Distribution of HLA antigens in Polish and German populations in Milwaukee Wisconsin.код для вставкиСкачать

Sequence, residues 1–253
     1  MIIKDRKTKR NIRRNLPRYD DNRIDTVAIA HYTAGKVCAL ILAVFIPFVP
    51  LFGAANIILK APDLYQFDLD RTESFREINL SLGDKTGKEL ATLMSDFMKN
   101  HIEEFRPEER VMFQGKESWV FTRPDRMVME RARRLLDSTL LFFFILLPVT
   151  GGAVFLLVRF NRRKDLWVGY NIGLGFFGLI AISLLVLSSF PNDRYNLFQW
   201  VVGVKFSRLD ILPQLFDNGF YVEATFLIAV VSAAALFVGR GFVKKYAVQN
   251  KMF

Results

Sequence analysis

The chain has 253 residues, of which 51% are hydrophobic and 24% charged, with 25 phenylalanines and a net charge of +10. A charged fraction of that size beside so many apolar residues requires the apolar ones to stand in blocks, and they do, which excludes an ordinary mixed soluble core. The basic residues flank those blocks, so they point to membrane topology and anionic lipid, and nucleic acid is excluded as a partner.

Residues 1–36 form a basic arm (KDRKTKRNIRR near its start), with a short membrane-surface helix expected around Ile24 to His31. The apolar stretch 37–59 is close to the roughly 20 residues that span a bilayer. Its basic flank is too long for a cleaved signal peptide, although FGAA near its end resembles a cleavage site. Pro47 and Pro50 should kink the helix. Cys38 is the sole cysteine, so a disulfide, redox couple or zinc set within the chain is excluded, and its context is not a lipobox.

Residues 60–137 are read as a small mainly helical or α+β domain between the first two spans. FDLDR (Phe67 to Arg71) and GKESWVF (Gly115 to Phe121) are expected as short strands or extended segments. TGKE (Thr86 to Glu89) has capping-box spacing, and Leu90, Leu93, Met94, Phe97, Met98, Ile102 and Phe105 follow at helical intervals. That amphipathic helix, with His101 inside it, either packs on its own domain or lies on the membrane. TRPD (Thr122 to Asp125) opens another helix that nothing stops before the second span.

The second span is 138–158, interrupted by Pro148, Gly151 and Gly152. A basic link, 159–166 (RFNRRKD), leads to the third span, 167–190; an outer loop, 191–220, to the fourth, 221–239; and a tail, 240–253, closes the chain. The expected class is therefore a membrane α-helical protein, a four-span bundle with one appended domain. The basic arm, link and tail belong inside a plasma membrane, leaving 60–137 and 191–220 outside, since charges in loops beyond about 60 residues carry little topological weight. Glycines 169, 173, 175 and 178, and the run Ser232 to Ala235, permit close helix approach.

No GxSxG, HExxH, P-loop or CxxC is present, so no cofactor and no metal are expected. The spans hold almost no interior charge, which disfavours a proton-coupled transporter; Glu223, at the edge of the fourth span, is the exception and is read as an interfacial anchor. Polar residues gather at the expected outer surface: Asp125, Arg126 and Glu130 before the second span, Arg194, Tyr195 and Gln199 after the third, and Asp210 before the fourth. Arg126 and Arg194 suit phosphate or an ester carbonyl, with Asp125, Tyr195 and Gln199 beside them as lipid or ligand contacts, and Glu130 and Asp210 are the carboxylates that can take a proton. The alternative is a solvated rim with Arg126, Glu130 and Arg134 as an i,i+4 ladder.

Distribution of HLA Antigens in Polish and German Populations in M i lwaukee, Wisconsin JOAN c. STEVENSON AND RENE J. DUQUESNOY I Department of Anthropology, University of Wisconsin-Milwaukee and The Milwuukee Blood Center, Ine., Milwaukee, Wisconsin 53201 K E Y WORDS Poles Germans . HLA . Haplotype association . Slavonic a - Gametic ABSTRACT Gene and haplotype frequencies for HLA-A and HLA-B antigens were determined in Milwaukee blood donors of German and Polish descent. Gene frequencies for A25 and B18 were significantly higher in Poles than in Germans. Significant gametic associations were noted for Al-B8, A29-Bl2 and AW30-B13 in both populations. Gametic association for A3-B7 was only found in Germans, while the A25-Bl8 haplotype frequency was significantly increased in Poles. Since the latter haplotype has also been found in Yugoslavs, Ukrainians and Czechs, it is possible that A25-Bl8 represents a Slavonic marker. Histocompatibility testing or HLA typing has been shown to be a powerful tool for anthropological analysis of human populations (Dausset and Colombani, '72). The multiallelic HLA system is the most polymorphic genetic system presently known. Most extensively described have been the products of HLA-A and HLA-B genes; more than 20 antigens controlled by each of these genes have been recognized (Kissmeyer-Nielsen,'75). Although HLA information has been reported on some Central European groups (Albert et al., '72; Bertrams et al., '71; Gleichman, '74; Kastelan e t al., '74; Menzel and Richter, '72; Lenhart et al., '77; Singal and Bhargava, '75) no articles have been published on Poles, and available data on Germans do not include some of the more recently discovered HLA antigens. This paper presents results of an analysis of HLA-A and HLA-B antigens in blood donors in Milwaukee, Wisconsin, who were of Polish or German descent. The majority of Poles in Milwaukee arrived between 1880 and 1900 from what was then Austrian and Russian territory, (Milwaukee Writer's Project, '47). The periods of greatest German emigration to Wisconsin were between 1846 and 1854 and from 1881 to 1884 (Faust, '27). Most Milwaukee Germans came AM. J . PHYS. ANTHROP. (1979)50: 19-22. from Rhenish Prussia, Bavaria, Luxenburg, Baden and Saxony, (Gregory, '31). METHODS Serum samples of Milwaukee Poles and Germans were collected a t the Milwaukee Blood Center from unrelated donors of mixed ages and both sexes who indicated on questionnaires that all four grandparents were of direct Polish or German descent. The standard NIH microlymphocytotoxicity test (Terasaki's technique modified) was used to determine the HLA type of the blood donors in this study (Ray et al., '76). The following HLA specificities were identified: Al, A2, A3, A9, A10, A l l , AW23, AW24, A25, A26, A28, A29, AW30, AW31, AW32 and AW33 a t the A locus, and, B5, B7, B8, B12, B13, B14, B15, BW16, B17, B18, BW21, BW22, B27, BW35, B37 and B40 a t the B locus. Gene frequencies were calculated by the formula g = 1 where g is the gene frequency and p the phenotype frequency obtained by direct counting. Statistical significance of gametic association (linkage disequilibrium) between A and B locus antigens were ' Reprint requests t o : Rene J. Duquesnoy, Ph.D.,Director, Research and Development, Milwaukee Blood Center, Inc., 1701 West Wisconsin Avenue, P.O. Box lO-G, Milwaukee, Wisconsin 53201. 19 20 JOAN C. STEVENSON AND RENE J. DUQUESNOY TABLE 1 Gene frequencies of HLA antigens in Milwaukee blood donors of Polish and German descent Milwaukee Poles n = 175 HLA antigens Milwaukee Germwns n = 190 analyzed from 2 x 2 comparisons with the Chi Square test using Yate's correction (CavalliSforza and Bodmer, '71). Coefficients of association between A and B locus antigens were calculated by the formula r HLA-A locus A1 A2 A3 A9 A10 All Awl9 AW23 AW24 A25 A26 A28 A29 AW30 AW31 AW32 AW33 Blank A 0.1514 0.2788 0.1184 0.1324 0.1088* 0.0558 0.1073 0.0172 0.1152 0.0544** 0.0544 0.0348 0.0289 0.0468 0.0086 0.0202 0.0028 0.0123 HLA-B locus B5 B7 B8 B12 (BW44) B13 B14 B15 BW16 B17 B18 BW21 BW22 B27 BW35 B37 B40 BW45 Blank B 0.0588 0.0992 0.0928 0.0992 0.0649 0.0202 0.0558 0.0438 0.0528 0.0583*** 0.0269 0.0260 0.0680 0.1087 0.0028 0.0586 0.0000 0.0632 = x L is the Chi Square value &whereby and the N is the total number of samples tested. (Cavalli-Sforza and Bodmer, '71). Delta values of gametic association were calculated as 0.1324 0.3233 0.1602 0.1092 0.0614* 0.0402 0.0951 0.0212 A = - d- - - b + d c + d n n n where a, b, c, d are the respective frequencies ofthe + f , + -, - + and - - phenotypes and b c d (Ceppellini, '67). n =a Haplotype frequencies were calculated as the sum of the A values of gametic association and the product of the relevant gene frequencies (Mattiuz, et al., '70). 0.0880 + + + 0.0239** 0.0375 0.0293 0.0234 0.0320 0.0105 0.0293 0.0000 0.0488 RESULTS Gene frequencies for HLA-A and B antigens in Milwaukee blood donors of German and Polish descent are shown in table 1. Blank A and B frequencies indicate total gene frequencies of serologically undetectable products of HLA-A and HLA-B loci, respectively. The distribution of gene frequencies for HLA antigens was similar in both population groups except for A10, A25 and B18, which were significantly higher in Poles than in Germans. The gene frequencies for A l l , A26, AW30, B13, BW16, BW21 and B27 were somewhat higher and those of A3, B7, B8 and B12 were lower in Poles than in Germans, but the differences were not statistically significant. In these two population groups, five gametic associations were found in statistically significant (p < 0.01) linkage disequilibrium (table 0.0681 0.1204 0.1114 0.1477 0.0375 0.0159 0.0737 0.0320 0.0485 0.0185*** 0.0185 0.0132 0.0485 0.1055 0.0028 0.0794 0.0026 0.0058 * p < 0.05. ** p < 0.01. *** p < 0.001 TABLE 2 Haplotype frequencies (HFI with significant delta ualues (d ! and association coefficients (rl Milwaukee Poles and Germans Poles Haplotype HF Al-B8 A3-B7 A25-Bl8 A29-Bl2 AW30-Bl3 0.166 0.074 0.046 0.046 0.034 Germans _-__ A 0.116*** ns 0.034*** 0.035"' 0.023' LR r HF 0.66 ns 0.32 0.36 0.21 0.137 0.121 0.011 0.037 0.021 Significant levels of gametic associations are indicated with aaterisks * p < 0.01. ** p < 0.001. *** p < 0.0001. ns, not significant. A 0.085**' 0.054** na 0.025* 0.016* r 0.47 0.27 ns 0.22 0.22 21 HLA ANTIGENS IN POLES AND GERMANS 2). The association between A1 and B8 was most extreme in both Poles and Germans as evidenced by high A values (0.116 and 0.085) and association coefficients (r = 0.66 and r = 0.47). Haplotypes A 2 9 - B l 2 and AW30-Bl3 were also found in significant linkage disequilibrium in both populations. In contrast, the haplotype A25-Bl8 had signficant h and r values in Poles (P < 0.0001) but not in Ger- mans. The reverse situation was observed for A3-B7 which showed significant linkage disequilibrium only in Germans (p < 0.001). DlSCUSSION The results of this study show similar but not identical distributions of HLA antigens in Milwaukee Poles and Germans. They are comparable to data obtained with other major Eu- TABLE 3 Gene frequencies o f HLA antigens in Central and Eastern European populations Slavs Germans HLA antigens HLA-A locus A1 A2 A3 A9 A10 All Awl9 AW23 AW24 A25 A26 A28 A29 AW30 AW31 AW32 AW33 Blank A HLA-B locus B5 B7 B8 B12 B13 B14 B15 BW16 B17 B18 BW21 BW22 B27 BW35 B37 B40 BW41 BW45 BW53 Blank B Berlin n = 600 Essen ' n = 255 Munich D = 442 Hannover n = 386 0.1585 0.2933 0.1417 0.0982 0.0844 0.0478 0.1905 0.3283 0.1495 0.1406 0.0496 0.0562 0.144 0.260 0.156 0.091 0.059 0.063 0.084 0.1408 0.3021 0.1377 0.1287 0.0518 0.0573 0.1088 - - - 0.039 0.033 0.0249 0.0699 - - 0.0435 0.0258 - - - Czechs n = 267 Yugublavs n - 178 0.1291 0.2656 0.1454 0.1131 0.1036 0.0608 0.0351 0.051 0.0389 0.1531 0.2765 0.1274 0.1306 0.0752 0.0562 0.0764 0.0214 0.1092 0.0174 0.0578 0.0436 0.0243 0.0139 0.0139 0.0243 - - - - - - - - 0.0519 0.0283 - 0.0068 - 0.1326 0.0596 0.083 0.1015 0.0611 0.0350 0.0709 0.1150 0.1084 0.1169 0.0305 0.0248 0.0549 0.0569 0.1668 0.1376 0.1345 0.0508 0.0448 0.0376 0.0782 0.1483 0.0924 0.1392 0.0303 0.0369 0.0924 0.0619 0.0435 0.0135 0.0455 0.0735 0.0217 0.0297 0.0566 0.068 0.152 0.100 0.122 0.040 0.017 0.063 0.017 0.039 0.042 0.025 0.016 0.037 0.080 0.0519 0.1005 0.0789 0.0912 0.0284 0.0198 0.0548 0.0256 0.0342 0.0881 0.0430 0.0441 0.0608 0.1553 0.071 0.0768 0.0805 0.1178 0.0955 0.0985 0.0521 0.0169 0.0564 0.0347 0.0424 0.0462 0.0191 0.0323 0.0822 0.1052 0.0019 0.0626 0.0095 - - - 0.2133 ' M e n d and Richter, '72. ' Bertram8 et al., '71. Albert et al., '72. ' Gleichman, '74. ' lenhart et al., '77. Kastelan et al.. '74. - + ' Singal and Bhargava. '75. - - - - - - 0.0463 0.111 - 0.0289 0.0026 0.0259 0.0065 0.0410 0.0782 - - 0.1353 - 0.0462 Canadian Ukrainians n - 93 0.18 0.33 0.06 0.13 0.11 0.06 0.08 0.01 0.11 0.06 0.04 0.04 0.01 0.02 0.02 0.02 0.01 0.01 0.14 0.10 0.06 0.12 0.07 0.02 0.02 0.06 0.03 0.08 0.02 0.02 0.05 0.0460 0.08 0.03 0.03 - 0.01 - 0.1066 - 0.05 . 22 JOAN C. STEVENSON AND RENk J. DUQUESNOY ropean populations (Bodmer et al., '711. Gene frequencies for nearby Eastern and Central European populations are presented in table 3. Data is lacking for certain alleles for several of these populations because many reagents were unavailable a t the time of study. Our findings of gametic association between A1 and B8 and between A29 and B12 were not surprising since linkage disequilibrium for these antigens have been reported for most European Caucasoid populations (Bodmer et al., '72; Degos and Dausset, '74). In both Poles and Germans we found gametic association between AW30 and B13. This association has not been extensively reported for Europeans (Bodmer, et al., '72) though i t is believed that the AW30-Bl3 haplotype is common to middle Eastern populations (Degos and Dausset, '74). The gametic association A3-B7, which is common to northern European populations (Degos and Dausset, '741, was also observed in Milwaukee Germans but not in Poles. Strong linkage disequilibrium between A3 and B7 has previously been reported in Germans in Berlin (Menzel and Richter, '721, Munich (Albert et al., '721, Essen (Bertrams et al., '711, in Hannover (Gleichmann, '74). Milwaukee Poles showed significant gametic association between A25 and BIB. High A values for the A25-Bl8 haplotype have also been reported for population groups of Slavonic origin such as Ukrainians (Singal and Bhargava, '751, Yugoslavs (Kastelan e t al., '74) and Czechs (Lenhart et al., '77). In contrast, a significantly increased frequency of the A25-Bl8 haplotype was not found in Milwaukee Germans, nor has it been reported in Germans living in Berlin, Essen and Hannover. Significant gametic association between A10 and B18 has been reported for Germans in Munich (Albert et al., '721, but it is not known whether the association with B18 was for A25 or A26. The high frequencies of the A25-BI8 haplotype in Poles, Ukrainians, Yugoslavs and Czechs suggest that the spread of Slavonic culture included population movements and that the haplotype A25-Bl8 may be a slavonic marker, ACKNOWLEDGMENTS Supported by Contract HL-73-2956 and Grant AI-12507 from the National Institutes of Health. We thank the students of Pulaski High School, Milwaukee and, the Polish Women's Culture Club. LITERATURE CITED Albert, E. D., S. Schols, I. Rosenthal, €I. Baltin and J. Bertram's 1972 Study of t h e HL-A system in the Turkish and German populations. In: Histocompatibility Testing 1972. J. Dausset and J. Colombani, eds. Munksgaard, Copenhagen, pp. 147-152. Bertrams, J., I. Kuwert and U. h h m e 1971 H L A phenotype and gene frequencies in the German Ruhr area populations. European J. of Immunol., 1: 306-309. Bodmer, J. R., P. Rocques, W. F. Bodmer, J. Colombani, L. Degos, J. Dausset and A. Piazza 1972 Joint Report of t h e First Histocompatibility Workshop I Population Studies. Histocompatibility Testing 1972, pp. 621-667. Cavalli-Sforza, L. L., and W. F. Bodmer 1971 The Genetics of Human Populalions. W. €I. Freeman and Co., San Francisco. Ceppellini, R. 1967 Genetica Delle Immunoglobulin XI1 Annual Meeting of Associzione Genetica Italiana Parma AGA 12,3. Dausset, J., and J. 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